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Euro Bounces Back, But The Turkish Lira Remains Unloved

By Marc ChandlerForexNov 18, 2021 06:22AM ET
Euro Bounces Back, But The Turkish Lira Remains Unloved
By Marc Chandler   |  Nov 18, 2021 06:22AM ET
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The US dollar's sharp upside momentum stalled yesterday near JPY115 and after the euro met (and surpassed) a key retracement level slightly below $1.1300. Led by the Antipodean currencies today, the greenback was mostly trading with a heavier bias. Among the majors, helped by a steadying of US yields, the yen was soft.

In the emerging market space, the Turkish lira continued its headlong plunge while the yuan softened and the Mexican peso was off. Hungary's central bank surprised with a 70 bp hike in the one-week deposit rate. The JP Morgan Emerging Market Currency Index was posting a small gain through the European morning.

Disappointing tech results in China (Baidu (NASDAQ:BIDU) and Bilibili (NASDAQ:BILI)) weighed on Chinese shares, but most markets in the region fell but Australia and Taiwan. Europe's Stoxx 600 was struggling to extend the six-day advance. US futures were also a little firmer.

After yesterday's four basis point pullback, the US 10-year yield was little changed near 1.58%. European yields were 1-2 bp lower. Gold remained within Tuesday's range (~$1850-$1877), but the moment seen earlier last week has faded, and the yellow metal was trading choppily in a consolidative phase.

The prospect of a coordinated sale of oil after China announced it would tap its reserves for the second time saw the January WTI contract fall to $76.45, its lowest level since early October. Still, the price stabilized in the European morning around $77 a barrel. The benchmark European natural gas contract (Netherlands) extended yesterday's pullback. It settled a little below 75 euros last week, and after two days of declines, it was above 92 euros.

Iron ore was also falling for a second session, lower on the week. Note that it settled October a little above $104 and was now around $86.40. Copper was lower for the fourth consecutive session. It was trading around $424, off $20.5 this week.

Asia Pacific 

Japan is expected to unveil the much-awaited supplemental budget tomorrow. Prime Minister Kishida will get one bite of the proverbial apple, and he is expected to go big. Talk of the size of the overall package has risen in recent days. The Nikkei seemed to suggest a JPY79 trillion (~$690 bln) effort, while others reported something on the magnitude of JPY56 trillion. Still, it was recognized that part of the budget will include funds that were earmarked under previous budgets, which have not been spent. The clear water was seen around JPY32 trillion. Japan is one of the few countries that will provide new fiscal support.

New Zealand's central bank meets next week. It is widely expected to hike rates for the second time in the cycle. The swaps market had 200 bp of tightening priced in for the next 12 months. The cash rate stood at 50 bp. Earlier today, the central bank reported that the two-year inflation expectations (business survey) rose to 2.96% in Q4 from 2.27% in Q3. It was the highest in a decade. The one-year expectation rose to 3.7% from 3.02%. Still, with other countries slower to raise rates, a 50 bp move may not be necessary. The Kiwi rose almost 4% last month and has given back nearly half so far in November. Separately, the Philippines and Indonesia central banks met and left rates steady as expected.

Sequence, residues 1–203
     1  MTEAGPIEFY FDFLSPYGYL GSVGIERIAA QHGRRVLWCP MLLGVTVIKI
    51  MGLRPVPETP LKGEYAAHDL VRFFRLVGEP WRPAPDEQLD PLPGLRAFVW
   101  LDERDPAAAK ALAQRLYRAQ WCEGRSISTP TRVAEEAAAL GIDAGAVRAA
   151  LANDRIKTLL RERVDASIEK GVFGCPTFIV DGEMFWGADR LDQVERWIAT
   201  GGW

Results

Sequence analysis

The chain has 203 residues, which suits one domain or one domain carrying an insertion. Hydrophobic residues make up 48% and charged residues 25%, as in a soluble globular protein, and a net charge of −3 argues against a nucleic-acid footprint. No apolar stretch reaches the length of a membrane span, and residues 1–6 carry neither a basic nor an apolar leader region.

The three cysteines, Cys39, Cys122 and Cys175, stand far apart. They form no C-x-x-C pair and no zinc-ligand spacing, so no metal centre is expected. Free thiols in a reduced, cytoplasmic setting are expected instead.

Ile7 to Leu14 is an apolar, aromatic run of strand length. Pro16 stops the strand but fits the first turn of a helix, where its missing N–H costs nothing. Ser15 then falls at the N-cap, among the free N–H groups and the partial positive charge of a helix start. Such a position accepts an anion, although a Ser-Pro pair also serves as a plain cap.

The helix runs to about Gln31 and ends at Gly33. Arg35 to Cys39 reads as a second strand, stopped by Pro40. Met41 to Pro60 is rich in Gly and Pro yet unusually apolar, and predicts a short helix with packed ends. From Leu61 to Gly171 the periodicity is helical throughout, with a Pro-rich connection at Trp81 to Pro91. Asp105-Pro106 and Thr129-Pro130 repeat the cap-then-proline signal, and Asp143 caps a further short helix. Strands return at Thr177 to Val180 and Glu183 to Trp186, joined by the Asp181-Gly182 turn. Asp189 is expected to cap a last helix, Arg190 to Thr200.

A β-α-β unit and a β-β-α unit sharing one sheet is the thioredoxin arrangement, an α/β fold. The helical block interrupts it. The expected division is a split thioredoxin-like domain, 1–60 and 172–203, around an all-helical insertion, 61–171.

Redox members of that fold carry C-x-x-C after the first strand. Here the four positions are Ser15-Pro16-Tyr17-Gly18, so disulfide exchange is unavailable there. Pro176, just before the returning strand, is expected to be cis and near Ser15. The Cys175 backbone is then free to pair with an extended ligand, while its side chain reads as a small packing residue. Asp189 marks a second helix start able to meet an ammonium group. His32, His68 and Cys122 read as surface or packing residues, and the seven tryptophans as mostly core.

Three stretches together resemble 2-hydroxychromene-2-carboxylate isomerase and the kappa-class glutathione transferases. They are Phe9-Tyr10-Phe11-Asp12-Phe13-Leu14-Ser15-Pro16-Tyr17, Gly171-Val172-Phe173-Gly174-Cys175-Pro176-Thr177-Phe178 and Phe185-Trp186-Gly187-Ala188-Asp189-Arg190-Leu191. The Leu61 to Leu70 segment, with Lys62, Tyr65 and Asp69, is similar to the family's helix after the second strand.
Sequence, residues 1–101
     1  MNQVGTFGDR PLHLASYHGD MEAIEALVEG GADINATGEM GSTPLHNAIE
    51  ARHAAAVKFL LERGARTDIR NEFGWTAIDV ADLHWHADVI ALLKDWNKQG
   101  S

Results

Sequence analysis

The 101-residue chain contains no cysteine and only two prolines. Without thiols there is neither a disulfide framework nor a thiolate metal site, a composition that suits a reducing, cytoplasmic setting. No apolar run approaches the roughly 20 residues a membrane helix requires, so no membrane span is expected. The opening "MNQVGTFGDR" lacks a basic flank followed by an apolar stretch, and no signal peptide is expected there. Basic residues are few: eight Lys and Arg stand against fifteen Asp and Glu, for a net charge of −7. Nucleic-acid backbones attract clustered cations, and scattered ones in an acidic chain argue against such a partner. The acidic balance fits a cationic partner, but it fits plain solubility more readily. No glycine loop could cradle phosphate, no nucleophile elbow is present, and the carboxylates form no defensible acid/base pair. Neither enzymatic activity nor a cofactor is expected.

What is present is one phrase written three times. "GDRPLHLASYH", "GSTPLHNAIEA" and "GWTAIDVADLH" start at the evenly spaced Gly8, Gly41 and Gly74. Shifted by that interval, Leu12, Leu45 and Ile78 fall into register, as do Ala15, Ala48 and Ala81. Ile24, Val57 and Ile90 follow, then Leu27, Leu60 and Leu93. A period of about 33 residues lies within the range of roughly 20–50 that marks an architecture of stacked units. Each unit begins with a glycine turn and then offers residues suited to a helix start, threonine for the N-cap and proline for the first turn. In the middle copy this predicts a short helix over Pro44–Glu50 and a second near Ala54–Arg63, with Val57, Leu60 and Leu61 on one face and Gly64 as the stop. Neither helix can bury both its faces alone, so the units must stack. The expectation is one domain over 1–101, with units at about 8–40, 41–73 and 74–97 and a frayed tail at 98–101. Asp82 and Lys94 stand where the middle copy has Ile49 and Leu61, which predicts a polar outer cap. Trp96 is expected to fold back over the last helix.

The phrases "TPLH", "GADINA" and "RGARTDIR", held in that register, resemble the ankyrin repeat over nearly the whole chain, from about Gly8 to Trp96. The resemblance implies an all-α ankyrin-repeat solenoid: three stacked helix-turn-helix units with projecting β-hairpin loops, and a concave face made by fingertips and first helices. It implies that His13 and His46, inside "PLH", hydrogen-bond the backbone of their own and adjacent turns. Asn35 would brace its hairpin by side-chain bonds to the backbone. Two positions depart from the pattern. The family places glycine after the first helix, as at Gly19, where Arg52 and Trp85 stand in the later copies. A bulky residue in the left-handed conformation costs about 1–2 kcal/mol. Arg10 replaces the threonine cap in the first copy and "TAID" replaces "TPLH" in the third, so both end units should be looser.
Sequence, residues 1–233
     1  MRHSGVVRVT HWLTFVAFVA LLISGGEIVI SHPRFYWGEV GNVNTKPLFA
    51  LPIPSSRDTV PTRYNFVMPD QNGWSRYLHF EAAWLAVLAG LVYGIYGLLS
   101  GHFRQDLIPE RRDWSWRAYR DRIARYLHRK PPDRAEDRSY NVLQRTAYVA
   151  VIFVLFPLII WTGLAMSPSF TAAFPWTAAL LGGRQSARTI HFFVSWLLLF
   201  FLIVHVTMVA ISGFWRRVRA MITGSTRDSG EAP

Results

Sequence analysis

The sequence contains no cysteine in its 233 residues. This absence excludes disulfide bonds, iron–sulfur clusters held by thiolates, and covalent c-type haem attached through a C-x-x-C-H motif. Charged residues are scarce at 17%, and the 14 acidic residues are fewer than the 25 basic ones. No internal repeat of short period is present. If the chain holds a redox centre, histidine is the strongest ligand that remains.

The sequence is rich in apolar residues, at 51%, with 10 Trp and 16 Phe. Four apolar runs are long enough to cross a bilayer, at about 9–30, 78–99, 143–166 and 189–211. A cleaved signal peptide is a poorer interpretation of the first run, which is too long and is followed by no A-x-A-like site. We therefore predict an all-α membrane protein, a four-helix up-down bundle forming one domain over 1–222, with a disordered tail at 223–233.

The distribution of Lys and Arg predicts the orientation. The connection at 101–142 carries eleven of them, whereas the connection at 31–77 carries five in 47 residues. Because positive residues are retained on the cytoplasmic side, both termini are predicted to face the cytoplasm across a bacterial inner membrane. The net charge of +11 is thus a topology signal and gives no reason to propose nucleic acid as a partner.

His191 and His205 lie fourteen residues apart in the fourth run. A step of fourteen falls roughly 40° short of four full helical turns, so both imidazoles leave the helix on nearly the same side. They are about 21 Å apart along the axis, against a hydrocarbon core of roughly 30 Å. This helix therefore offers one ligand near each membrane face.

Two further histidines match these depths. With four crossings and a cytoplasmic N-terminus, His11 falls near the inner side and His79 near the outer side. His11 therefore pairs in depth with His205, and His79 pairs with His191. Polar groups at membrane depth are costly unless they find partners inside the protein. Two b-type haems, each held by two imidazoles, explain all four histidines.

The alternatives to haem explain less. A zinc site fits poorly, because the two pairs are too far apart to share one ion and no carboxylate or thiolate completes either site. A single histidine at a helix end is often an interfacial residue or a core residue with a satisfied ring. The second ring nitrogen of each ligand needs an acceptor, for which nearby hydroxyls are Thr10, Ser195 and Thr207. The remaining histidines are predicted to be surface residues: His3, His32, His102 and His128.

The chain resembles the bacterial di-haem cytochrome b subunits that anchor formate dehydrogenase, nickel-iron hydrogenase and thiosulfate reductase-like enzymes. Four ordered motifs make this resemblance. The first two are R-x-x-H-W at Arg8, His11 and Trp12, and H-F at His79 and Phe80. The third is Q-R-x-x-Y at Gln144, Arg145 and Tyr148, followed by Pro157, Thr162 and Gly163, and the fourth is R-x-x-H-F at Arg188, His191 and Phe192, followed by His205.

The dollar posted a key reversal against the yen yesterday. It made a new high for the move, a few pips below JPY115.00, and proceeded to sell-off and close (slightly) below Tuesday's low. However, follow-through selling has been limited, and the greenback was trading firmly but may be absorbing sales related to the $1.34 bln in options in the JPY114.20-JPY114.25 area that expire today.

The Australian dollar initially extended its losses to almost $0.7250, where a A$575 mln option expires today. However, since early in the Asian session, it has posted corrective upticks and looked set to challenge yesterday's high and five-day moving average a little above $0.7300.

The Chinese yuan appeared to have begun consolidating. It remained in the range set on Tuesday. That saw the dollar trade roughly between CNY6.3670 and CNY6.3965. The small gain was the third this week. The PBOC fix was at CNY6.3803, a bit firmer compared with expectations (CNY6.3786 in the Bloomberg survey) than seen recently. Note that there is a $1 bln option at CNY6.3830 that expires today.


The auto industry in Europe remained under pressure last month, though the US reported its first increase in sales in six months. New car registration in Europe, including the UK, is a proxy for sales. They tumbled by slightly more than 30% year-over-year in October. This is considerably weaker than expected and is the poorest since May 2020. The shortage of semiconductors is the likely culprit, and there are some signs of improvement. 

The EC will propose modest tweaks in rules about how funds outside of its borders (UK) can be managed while avoiding more dramatic changes. Draft proposals called for at least two full-time senior managers in the EU and for regulators to be notified when most of their assets were managed outside the EU. These seemed quite minor and unlikely to disrupt the UK fund business.